Kandahar (2001) NR
Iranian director Mohsen Makhmalbaf lenses this haunting drama that was shot during the Taliban era. The movie follows an Afghani-Canadian woman as she attempts to enter Afghanistan in search of her depressed sister. Since it's illegal for a woman to travel alone in Afghanistan, she must rely on the kindness of strangers, including a scrappy boy and a mysterious American doctor.
Leila (2000) NR
Reza and Leila, a young couple recently married, discover that Leila is unable to conceive. Invoking tradition, Reza's mother convinces her daughter in-law that Reza must, out of necessity, take a second wife to produce an heir.
Mama's Guest (2004) NR
Veteran director Mehrjui proves to be a master of the ensemble comedy in this story of one family?s attempt to throw an impromptu banquet for a newly married nephew, which evolves into a chaotic operation involving the whole neighborhood. The mother in question is anxious to receive her guests in a proper, Iranian fashion, while her husband, a film buff who has recently been laid off from his work, raises mischief at every turn and almost bungles her plans.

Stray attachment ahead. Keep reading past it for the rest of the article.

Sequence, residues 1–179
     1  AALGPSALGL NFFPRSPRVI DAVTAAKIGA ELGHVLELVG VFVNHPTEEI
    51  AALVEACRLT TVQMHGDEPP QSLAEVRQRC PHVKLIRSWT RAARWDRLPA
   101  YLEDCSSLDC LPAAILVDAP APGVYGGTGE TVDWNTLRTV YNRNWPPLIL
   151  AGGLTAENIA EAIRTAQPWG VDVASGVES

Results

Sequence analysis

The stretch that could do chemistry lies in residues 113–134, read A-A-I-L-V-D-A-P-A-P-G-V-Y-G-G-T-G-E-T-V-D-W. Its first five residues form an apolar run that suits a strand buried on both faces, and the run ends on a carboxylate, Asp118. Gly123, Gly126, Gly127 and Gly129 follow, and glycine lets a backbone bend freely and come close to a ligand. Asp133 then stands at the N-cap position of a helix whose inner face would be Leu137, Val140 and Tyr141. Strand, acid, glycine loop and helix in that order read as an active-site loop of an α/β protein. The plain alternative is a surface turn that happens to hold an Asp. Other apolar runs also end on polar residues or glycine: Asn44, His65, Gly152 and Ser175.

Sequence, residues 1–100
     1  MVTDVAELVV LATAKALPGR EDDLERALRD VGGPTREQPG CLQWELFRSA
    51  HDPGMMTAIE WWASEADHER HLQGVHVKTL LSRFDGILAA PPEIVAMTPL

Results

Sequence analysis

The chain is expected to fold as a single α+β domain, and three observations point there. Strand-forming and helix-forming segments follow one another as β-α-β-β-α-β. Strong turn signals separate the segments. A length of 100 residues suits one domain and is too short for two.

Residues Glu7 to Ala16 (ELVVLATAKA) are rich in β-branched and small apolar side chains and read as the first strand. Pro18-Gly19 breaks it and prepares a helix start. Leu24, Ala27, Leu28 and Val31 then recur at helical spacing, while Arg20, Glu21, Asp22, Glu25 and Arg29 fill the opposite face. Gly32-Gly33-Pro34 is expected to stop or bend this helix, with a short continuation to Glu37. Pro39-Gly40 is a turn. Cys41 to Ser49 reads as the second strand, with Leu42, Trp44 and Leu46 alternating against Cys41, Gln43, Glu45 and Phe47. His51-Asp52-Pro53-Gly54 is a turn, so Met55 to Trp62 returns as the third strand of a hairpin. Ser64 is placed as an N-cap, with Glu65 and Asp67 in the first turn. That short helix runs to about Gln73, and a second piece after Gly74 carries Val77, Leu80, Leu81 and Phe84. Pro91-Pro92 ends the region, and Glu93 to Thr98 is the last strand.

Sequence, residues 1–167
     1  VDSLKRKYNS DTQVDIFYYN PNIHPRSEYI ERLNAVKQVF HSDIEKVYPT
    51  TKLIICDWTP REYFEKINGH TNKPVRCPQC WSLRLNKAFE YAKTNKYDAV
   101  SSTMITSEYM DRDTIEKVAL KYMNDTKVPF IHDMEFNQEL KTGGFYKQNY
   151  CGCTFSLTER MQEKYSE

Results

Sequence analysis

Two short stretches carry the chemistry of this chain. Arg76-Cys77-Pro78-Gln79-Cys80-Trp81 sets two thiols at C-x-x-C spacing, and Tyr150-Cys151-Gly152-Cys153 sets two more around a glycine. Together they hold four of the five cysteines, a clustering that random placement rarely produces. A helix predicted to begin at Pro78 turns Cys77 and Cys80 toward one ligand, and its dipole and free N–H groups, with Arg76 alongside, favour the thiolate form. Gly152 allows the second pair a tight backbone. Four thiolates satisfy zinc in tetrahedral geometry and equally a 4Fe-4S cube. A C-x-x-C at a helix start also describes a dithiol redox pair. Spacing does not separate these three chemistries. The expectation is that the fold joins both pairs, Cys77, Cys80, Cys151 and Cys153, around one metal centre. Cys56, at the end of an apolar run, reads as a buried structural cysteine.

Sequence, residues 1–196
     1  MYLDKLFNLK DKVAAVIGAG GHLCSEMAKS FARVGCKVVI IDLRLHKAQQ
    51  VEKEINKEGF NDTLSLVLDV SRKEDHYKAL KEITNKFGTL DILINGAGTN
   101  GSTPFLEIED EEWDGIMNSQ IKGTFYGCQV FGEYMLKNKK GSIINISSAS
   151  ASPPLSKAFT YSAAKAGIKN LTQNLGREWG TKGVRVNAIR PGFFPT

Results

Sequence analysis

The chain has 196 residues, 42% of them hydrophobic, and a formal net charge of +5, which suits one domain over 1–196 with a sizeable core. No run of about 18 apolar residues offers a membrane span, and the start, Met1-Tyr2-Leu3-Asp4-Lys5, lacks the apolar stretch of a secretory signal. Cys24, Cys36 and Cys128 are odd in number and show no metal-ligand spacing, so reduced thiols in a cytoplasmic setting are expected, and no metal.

Maryam (2002) NR
It's 1979 and Mary, an Iranian-American teenager, pursues fun and romance in the New Jersey suburbs. Mary's world is radically transformed, though, when Ali, her fundamentalist Muslim cousin, comes to live with her family at the same time that Americans are taken hostage in Iran. American backlash against Iranians and Ali's disclosure of the family's dark history force Mary to come to terms with her own unique, culturally-divided identity.
The May Lady (2000) NR
This drama set in late-1990s Iran closely examines the universal tension between motherhood, womanhood and professional life. Frough, a documentary filmmaker and divorced mother, is involved in a new relationship -- but her teenage son resents the presence of another man in her life. As Frough interviews women from all walks of life for a TV report on "exemplary mothers," she begins to do some serious soul-searching about her own priorities.